Wild Places

The Art of Landscape and Travel Photography

Leica 3.4/135mm vs. Zeiss 2.0/135mm on A7RII

I really like the Zeiss 2.0/135mm Apo Sonnar. It’s the technically most perfect lens I’ve ever owned and tested. And last year in Namibia I’ve learned that 135mm can be a great landscape lens. The Zeiss 135 has just one disadvantage: it’s rather big and heavy. Especially on the small Sony A7RII it feels unbalanced in my opinion.

Since I wanted something smaller than the Zeiss 135 Apo Sonnar for my A7RII I decided to buy a used Leica Apo-Telyt 3.4/135mm from ebay and give it a try. There are not many small high performance choices at that focal length available and the Leica seems to be the most interesting one.

Size and weight differences between the two lenses are quite significant, especially if you take into account the additional size and weight of the necessary adapters.

Zeiss Apo Sonnar 2.0/135mm ZF.2 with Novoflex adapter: 1320g

Leica Apo-Telyt 3.4/135mm with Novoflex adapter: 486 g

Here is a size comparison between the two lenses with adapters:

135mm lenses

If you need a tele lens with a maximum aperture of f/2 there is no real alternative to the Zeiss 135. But for landscape shooting, which I mainly do, you could, and often have to, stop down to f/5.6 or f/8. The question for me was, whether there is any real advantage of the Zeiss over the Leica at these apertures to justify the big weight difference.

There isn’t much to say about the mechanical construction and haptics of these two lenses. They are both top-notch. Manual focus is perfectly smooth and the all metal constructions of both lenses look extremely robust and reliable. The focus throw of the Zeiss could be a bit larger, but I think it’s sufficient for precise manual focus with the A7RII.

Since the Zeiss 135 is quite heavy I prefer to mount this lens directly on the tripod and not via the camera. This is possible with the Novoflex adapter in combination with the optional tripod adapter ASTAT-NEX. But this leads to some useability problems with the A7RII: every time you want to mount or demount the lens you have to turn the tripod mount to the side. Otherwise you can’t push the locking button on the camera. Not a huge problem, but annoying.

The image quality of the Zeiss is already nearly perfect wide open at f/2.  Stopped down to f/3.4 it’s clearly better in the corners as the wide open Leica Apo-Telyt at f/3.4, which is no surprise. The remaining question is: is there any difference between the two lenses at f/5.6 or f/8?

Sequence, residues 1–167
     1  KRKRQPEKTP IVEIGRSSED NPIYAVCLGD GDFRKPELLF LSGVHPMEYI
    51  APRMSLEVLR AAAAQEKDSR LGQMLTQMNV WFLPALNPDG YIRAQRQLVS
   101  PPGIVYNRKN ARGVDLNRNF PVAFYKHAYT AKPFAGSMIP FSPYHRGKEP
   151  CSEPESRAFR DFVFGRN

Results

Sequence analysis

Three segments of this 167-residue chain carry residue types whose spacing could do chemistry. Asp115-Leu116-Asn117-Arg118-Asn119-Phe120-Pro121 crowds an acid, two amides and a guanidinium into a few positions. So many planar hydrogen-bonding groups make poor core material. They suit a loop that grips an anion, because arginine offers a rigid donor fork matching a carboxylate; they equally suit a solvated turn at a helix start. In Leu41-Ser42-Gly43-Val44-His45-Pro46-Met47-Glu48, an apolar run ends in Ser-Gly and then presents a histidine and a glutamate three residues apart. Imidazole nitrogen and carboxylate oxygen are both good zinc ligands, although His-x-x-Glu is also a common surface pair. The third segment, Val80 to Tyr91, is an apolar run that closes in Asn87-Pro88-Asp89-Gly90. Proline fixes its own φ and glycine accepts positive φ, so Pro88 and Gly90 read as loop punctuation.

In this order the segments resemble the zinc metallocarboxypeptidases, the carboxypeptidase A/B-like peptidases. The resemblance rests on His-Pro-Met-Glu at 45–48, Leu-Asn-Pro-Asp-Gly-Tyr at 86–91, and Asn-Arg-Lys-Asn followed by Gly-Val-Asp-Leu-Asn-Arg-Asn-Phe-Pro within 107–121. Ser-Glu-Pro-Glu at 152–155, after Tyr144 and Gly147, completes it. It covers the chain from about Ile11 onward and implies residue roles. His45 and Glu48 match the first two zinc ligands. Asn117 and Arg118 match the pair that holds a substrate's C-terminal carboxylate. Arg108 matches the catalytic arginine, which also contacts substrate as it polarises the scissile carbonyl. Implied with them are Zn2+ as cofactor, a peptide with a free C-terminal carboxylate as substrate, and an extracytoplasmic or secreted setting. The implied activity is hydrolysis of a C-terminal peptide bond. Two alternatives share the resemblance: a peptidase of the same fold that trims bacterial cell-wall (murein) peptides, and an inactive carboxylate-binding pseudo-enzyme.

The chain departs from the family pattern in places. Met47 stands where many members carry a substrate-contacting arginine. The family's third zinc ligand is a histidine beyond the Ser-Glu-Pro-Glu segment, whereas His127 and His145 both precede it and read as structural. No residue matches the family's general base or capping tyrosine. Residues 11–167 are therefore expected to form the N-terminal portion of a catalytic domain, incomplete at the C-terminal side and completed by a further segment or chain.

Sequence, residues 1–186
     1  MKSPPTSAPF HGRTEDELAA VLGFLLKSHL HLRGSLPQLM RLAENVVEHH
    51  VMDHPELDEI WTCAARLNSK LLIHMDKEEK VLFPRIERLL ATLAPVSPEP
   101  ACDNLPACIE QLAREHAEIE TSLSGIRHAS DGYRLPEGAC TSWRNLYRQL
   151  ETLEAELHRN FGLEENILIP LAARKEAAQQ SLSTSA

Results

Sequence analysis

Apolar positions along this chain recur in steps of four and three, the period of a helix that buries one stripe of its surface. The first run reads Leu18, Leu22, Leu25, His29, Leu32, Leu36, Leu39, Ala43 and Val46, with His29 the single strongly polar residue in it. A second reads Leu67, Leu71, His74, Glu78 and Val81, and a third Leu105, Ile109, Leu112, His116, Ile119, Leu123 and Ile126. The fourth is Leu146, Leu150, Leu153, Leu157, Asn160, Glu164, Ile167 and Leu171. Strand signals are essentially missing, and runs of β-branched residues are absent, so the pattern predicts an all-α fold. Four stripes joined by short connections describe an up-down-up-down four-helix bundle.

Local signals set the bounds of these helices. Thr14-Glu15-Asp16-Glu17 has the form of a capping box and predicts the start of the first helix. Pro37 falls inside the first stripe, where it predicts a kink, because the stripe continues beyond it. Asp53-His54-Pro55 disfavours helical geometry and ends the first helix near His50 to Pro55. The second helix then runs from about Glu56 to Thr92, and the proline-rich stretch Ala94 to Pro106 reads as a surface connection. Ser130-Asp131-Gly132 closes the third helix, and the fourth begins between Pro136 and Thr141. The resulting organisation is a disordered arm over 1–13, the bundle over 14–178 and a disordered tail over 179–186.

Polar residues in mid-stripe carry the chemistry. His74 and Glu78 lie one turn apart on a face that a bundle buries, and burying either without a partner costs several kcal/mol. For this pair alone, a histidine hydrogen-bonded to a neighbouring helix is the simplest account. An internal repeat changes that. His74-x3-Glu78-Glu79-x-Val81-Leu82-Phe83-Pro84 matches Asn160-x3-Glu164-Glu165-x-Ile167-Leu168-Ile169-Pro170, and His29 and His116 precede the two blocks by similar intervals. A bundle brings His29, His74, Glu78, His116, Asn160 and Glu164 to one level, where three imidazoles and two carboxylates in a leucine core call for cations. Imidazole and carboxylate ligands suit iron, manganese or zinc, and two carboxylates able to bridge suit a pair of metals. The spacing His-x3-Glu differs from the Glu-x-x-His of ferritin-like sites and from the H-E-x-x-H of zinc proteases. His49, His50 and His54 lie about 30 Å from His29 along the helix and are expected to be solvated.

Let’s start with some infinity tests, shot from a tripod. The following configuration was used for these tests: Gitzo tripod with Burzynski head, EFC, self timer, ISO 100, IBIS=off, WB=daylight, in-camera-lens-corrections=off, LR lens-profile=off, LR sharpening 50/0.7/70/15, LR contrast +30, all other LR settings = default.

Leica Apo-Telyt 3.4/135mm @ f/8:

Leica 135mm f/8 test 1

Zeiss Apo Sonnar 2.0/135mm @ f/8:

Zeiss 135mm f/8 test 1

Leica Apo-Telyt 3.4/135mm @ f/8, 100% crop:

Leica 135, f/8, test 1, 100% crop

Zeiss Apo Sonnar 2.0/135 @ f/8, 100% crop:

Zeiss 135, f/8, test 1, 100% crop

Link to full size image of Leica Apo-Telyt 3.4/135mm @ f/8

Link to full size image of Zeiss Apo Sonnar 2.0/135mm @ f/8

On the first images the light changed between the two shots due to moving clouds. Therefore colors and contrast should not be evaluated with these images. On the following images the light was rather constant.

Leica Apo-Telyt 3.4/135mm @ f/5.6:

Leica 135mm f/5.6 test 2

Zeiss Apo Sonnar 2.0/135mm @ f/5.6:

Zeiss 135mm f/5.6 test 2

Leica Apo-Telyt 3.4/135mm @ f/5.6, 100% crop:

Leica 135, f/5.6, test 2, 100% crop

Zeiss Apo Sonnar 2.0/135 @ f/5.6, 100% crop:

Zeiss 135, f/5.6, test 2, 100% crop

Link to full size image of Leica Apo-Telyt 3.4/135mm @ f/5.6

Link to full size image of Zeiss Apo Sonnar 2.0/135mm @ f/5.6

Leica Apo-Telyt 3.4/135mm @ f/5.6:

Leica 135mm f/5.6 test 3

Zeiss Apo Sonnar 2.0/135mm @ f/5.6:

Zeiss 135mm f/5.6 test 3

Leica Apo-Telyt 3.4/135mm @ f/5.6, 100% crop:

Leica 135, f/5.6, test 3, 100% crop

Zeiss Apo Sonnar 2.0/135 @ f/5.6, 100% crop:

Zeiss 135, f/5.6, test 3, 100% crop

Link to full size image of Leica Apo-Telyt 3.4/135mm @ f/5.6

Link to full size image of Zeiss Apo Sonnar 2.0/135mm @ f/5.6